Several years later in the early 1990s when a series of novels and comic books hit the market, all of which picked up where Return of the Jedi left off, Wertz, like many die-hard fans, became engrossed in the goings-on of a galaxy far, far away. “When Hasbro started producing new action figures in 1995, I managed to resist for a few months,” Wertz says, “but then Lisa brought home a new Boba Fett figure and inadvertently opened the floodgates.”Before long, the collection that filled one guest bedroom  started spilling into other areas of the house, thanks to eBay. Then Wertz and Stevens met Steve Sansweet, Lucasfilm’s di-rector of content marketing and fan relations, who owns one of the largest private Star Wars collections in the world. “Rancho Obi-wan, the barn that houses Steve’s collection, inspired us to do more to display our collection,” says Wertz, who co-owns Seattle-based Paizo Publishing LLC with Stevens, who coincidentally is the president of the Official Star Wars Fan Club. “So we started making plans for a new house with a [series] of in-terconnected rooms to showcase our collection. I was a fan of home theater technology and subscribed to several different home theater-oriented publications, so when Lisa and I started designing our dream house, it was very obvious there would be a home theater.” (Click image to enlarge)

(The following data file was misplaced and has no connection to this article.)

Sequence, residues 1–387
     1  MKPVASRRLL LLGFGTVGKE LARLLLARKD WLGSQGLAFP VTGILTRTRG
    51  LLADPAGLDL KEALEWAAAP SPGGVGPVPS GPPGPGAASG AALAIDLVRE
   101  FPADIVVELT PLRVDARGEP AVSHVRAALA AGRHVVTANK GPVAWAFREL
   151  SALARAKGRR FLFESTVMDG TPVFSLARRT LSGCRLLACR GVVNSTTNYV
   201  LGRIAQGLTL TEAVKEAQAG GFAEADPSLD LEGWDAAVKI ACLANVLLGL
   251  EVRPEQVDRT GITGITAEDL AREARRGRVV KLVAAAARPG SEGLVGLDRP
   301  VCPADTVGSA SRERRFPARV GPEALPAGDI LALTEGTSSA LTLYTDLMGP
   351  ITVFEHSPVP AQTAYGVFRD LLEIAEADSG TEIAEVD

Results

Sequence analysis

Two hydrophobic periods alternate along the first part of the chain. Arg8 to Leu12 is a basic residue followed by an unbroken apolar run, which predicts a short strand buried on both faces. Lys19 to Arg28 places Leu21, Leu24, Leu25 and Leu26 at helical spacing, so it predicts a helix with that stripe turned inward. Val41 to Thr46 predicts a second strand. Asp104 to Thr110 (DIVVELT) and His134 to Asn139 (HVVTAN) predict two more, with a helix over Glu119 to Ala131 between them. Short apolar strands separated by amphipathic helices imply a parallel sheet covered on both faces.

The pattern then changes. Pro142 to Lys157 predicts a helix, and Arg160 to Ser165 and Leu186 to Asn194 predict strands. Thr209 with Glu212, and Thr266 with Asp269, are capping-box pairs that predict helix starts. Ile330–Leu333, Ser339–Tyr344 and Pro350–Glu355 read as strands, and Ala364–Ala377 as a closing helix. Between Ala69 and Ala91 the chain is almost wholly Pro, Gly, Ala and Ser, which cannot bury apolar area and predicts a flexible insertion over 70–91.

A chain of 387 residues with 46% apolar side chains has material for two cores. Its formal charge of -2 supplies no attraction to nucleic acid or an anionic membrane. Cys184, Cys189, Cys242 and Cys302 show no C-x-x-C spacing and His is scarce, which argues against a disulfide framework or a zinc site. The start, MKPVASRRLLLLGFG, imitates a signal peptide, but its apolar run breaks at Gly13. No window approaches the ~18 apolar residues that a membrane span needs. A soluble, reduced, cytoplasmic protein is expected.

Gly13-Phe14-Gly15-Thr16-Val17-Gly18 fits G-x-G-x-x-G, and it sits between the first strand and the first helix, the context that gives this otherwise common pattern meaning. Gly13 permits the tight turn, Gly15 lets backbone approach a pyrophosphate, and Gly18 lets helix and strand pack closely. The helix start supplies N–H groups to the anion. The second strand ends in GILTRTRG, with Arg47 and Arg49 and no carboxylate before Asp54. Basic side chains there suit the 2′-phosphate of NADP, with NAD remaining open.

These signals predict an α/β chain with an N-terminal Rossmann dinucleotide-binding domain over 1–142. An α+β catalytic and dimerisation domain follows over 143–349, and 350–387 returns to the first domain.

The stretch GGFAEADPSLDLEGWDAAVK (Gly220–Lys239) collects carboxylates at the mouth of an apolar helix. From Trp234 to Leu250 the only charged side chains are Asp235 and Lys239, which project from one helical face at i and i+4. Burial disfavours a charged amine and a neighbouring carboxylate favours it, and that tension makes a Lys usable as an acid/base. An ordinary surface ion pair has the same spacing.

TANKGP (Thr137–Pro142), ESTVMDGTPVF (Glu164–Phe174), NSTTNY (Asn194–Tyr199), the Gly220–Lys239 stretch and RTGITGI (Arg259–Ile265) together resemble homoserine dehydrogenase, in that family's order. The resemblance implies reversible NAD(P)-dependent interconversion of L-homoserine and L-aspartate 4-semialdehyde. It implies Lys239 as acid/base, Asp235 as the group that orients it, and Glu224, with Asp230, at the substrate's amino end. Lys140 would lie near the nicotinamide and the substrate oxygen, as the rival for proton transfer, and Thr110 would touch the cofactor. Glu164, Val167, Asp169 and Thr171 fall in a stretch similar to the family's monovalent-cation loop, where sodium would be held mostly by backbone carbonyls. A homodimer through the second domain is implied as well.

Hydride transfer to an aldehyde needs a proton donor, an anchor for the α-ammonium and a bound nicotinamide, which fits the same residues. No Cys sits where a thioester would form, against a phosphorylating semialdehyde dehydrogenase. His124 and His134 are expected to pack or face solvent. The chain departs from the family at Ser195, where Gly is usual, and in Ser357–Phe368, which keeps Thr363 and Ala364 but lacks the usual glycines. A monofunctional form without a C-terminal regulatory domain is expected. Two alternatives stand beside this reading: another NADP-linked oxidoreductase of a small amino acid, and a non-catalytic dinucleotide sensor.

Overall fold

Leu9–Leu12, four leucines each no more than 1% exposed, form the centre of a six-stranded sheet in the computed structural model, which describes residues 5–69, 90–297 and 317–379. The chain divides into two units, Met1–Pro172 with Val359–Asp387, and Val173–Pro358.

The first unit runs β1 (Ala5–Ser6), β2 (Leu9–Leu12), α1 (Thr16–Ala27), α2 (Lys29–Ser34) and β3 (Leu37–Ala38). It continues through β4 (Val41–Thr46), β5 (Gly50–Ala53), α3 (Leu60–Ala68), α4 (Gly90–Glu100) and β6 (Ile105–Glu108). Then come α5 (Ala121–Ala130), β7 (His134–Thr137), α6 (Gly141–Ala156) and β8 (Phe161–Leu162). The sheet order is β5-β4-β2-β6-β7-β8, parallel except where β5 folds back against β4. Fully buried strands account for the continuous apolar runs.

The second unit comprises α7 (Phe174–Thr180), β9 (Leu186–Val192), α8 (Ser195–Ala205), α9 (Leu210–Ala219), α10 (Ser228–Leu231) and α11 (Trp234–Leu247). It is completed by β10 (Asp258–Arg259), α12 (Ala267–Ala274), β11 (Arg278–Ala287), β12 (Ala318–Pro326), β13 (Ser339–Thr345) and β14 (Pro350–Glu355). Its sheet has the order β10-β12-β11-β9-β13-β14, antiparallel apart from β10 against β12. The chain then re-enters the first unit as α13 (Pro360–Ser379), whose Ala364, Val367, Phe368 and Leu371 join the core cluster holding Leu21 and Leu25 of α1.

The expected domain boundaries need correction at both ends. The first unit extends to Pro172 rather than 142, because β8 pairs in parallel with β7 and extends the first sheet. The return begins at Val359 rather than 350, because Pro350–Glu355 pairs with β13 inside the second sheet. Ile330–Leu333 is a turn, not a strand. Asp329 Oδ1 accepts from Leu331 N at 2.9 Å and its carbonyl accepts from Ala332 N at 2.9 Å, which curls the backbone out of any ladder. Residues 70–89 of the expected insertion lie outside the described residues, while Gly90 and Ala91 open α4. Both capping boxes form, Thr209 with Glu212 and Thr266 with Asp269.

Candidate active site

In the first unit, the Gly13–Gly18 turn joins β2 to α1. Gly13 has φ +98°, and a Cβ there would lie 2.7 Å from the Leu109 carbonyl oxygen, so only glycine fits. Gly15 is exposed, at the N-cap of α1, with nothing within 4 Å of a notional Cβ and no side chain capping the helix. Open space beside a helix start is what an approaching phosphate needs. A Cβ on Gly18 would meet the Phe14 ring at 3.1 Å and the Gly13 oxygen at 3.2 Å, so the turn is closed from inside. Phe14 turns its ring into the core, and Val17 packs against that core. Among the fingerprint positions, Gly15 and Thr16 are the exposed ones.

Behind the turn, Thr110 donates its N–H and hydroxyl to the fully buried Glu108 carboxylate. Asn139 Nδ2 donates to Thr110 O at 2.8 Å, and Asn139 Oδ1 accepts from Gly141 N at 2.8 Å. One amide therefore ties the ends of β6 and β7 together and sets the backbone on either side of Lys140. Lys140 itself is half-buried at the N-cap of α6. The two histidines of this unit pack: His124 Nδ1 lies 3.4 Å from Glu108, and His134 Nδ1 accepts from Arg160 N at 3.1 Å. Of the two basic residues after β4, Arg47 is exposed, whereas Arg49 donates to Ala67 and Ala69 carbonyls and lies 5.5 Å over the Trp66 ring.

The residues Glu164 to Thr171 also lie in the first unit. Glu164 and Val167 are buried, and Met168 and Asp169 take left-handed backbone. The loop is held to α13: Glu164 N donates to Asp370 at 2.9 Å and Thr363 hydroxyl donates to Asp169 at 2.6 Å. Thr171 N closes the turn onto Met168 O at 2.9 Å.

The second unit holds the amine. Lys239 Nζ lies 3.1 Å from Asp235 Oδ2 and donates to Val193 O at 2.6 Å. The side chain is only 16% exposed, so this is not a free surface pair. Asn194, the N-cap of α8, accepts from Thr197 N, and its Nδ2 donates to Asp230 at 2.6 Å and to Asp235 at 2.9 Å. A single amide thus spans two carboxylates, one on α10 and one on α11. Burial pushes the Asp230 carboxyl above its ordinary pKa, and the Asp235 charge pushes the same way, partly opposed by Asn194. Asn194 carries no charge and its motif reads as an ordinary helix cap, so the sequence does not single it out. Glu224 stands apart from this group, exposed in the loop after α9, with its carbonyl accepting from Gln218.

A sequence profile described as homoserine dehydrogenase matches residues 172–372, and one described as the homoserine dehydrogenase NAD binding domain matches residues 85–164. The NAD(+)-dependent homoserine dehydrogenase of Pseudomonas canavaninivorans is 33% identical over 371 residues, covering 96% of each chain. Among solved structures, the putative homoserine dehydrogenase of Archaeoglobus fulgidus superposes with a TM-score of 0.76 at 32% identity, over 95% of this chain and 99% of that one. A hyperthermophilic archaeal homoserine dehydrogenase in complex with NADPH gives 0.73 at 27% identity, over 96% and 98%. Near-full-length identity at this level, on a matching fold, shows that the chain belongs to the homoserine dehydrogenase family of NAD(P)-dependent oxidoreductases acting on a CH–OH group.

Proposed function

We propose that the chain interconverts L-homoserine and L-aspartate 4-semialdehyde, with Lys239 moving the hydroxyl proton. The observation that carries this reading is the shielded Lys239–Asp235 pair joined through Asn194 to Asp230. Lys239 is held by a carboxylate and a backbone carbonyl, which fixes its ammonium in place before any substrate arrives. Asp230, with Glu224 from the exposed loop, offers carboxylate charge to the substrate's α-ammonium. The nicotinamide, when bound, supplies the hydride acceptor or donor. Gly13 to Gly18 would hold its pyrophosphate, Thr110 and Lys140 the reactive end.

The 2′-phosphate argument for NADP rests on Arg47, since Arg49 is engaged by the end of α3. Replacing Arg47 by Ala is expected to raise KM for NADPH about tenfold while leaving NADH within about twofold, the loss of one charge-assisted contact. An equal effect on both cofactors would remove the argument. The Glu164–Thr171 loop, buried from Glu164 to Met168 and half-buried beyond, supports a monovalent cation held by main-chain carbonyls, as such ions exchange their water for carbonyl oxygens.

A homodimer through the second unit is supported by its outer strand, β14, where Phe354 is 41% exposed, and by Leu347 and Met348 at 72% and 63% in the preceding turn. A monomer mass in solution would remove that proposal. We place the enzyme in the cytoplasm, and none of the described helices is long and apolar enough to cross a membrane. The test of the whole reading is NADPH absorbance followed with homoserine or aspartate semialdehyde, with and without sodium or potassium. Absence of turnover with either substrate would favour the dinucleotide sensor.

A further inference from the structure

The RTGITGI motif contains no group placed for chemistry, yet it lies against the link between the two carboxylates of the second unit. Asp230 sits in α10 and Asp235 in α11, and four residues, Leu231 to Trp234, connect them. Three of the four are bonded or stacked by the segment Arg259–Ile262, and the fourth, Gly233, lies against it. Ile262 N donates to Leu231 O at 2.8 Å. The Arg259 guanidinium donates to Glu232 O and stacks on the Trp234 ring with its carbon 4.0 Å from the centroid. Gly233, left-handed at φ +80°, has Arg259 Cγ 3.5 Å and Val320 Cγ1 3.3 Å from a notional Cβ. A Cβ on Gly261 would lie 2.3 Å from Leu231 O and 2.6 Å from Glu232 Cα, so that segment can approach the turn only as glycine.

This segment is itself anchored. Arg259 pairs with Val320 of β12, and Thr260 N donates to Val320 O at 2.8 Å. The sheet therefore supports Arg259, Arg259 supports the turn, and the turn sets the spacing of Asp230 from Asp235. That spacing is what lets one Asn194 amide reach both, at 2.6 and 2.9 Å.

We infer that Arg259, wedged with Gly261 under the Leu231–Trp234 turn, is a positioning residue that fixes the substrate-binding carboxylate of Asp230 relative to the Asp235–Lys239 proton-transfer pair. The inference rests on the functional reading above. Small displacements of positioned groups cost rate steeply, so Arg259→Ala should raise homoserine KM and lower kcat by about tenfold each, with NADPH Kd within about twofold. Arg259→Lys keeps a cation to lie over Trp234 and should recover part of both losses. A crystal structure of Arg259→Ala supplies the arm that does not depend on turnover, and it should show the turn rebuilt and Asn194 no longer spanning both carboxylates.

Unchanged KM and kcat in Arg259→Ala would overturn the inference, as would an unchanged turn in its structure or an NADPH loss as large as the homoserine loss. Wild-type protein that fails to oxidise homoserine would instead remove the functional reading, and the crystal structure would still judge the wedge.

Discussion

The black leather Valentino theater chairs, designed and manufactured by South Florida–based CinemaTech, were handpicked by the homeowners for comfort and style. While reclining space is limited on the back row, the special design of the Valentino chairs allows for a comfortable range of motion. (Click image to enlarge)